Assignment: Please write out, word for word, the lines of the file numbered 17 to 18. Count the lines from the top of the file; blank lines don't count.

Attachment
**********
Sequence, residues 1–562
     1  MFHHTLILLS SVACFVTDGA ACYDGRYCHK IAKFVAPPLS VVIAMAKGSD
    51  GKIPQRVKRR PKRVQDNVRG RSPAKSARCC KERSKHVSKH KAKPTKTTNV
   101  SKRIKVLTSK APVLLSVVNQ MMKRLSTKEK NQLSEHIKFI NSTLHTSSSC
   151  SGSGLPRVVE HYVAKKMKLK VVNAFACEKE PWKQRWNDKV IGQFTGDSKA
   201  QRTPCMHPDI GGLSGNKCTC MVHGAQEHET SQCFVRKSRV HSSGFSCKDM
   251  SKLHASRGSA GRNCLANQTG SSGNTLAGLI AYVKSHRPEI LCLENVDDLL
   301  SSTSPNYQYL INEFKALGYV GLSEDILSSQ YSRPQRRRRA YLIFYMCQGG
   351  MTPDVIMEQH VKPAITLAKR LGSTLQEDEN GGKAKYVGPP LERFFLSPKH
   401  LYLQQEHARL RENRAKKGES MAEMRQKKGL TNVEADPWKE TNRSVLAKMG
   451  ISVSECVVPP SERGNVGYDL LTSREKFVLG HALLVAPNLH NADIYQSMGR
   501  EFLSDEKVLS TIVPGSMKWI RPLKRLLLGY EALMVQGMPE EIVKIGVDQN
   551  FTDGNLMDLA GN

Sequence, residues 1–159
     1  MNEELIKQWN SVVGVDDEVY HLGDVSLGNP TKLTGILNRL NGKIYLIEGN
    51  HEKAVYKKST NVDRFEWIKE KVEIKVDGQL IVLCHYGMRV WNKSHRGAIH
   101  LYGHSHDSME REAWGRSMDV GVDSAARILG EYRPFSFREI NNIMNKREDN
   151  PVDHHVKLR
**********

   101  LYGHSHDSME REAWGRSMDV GVDSAARILG EYRPFSFREI NNIMNKREDN
   151  PVDHHVKLR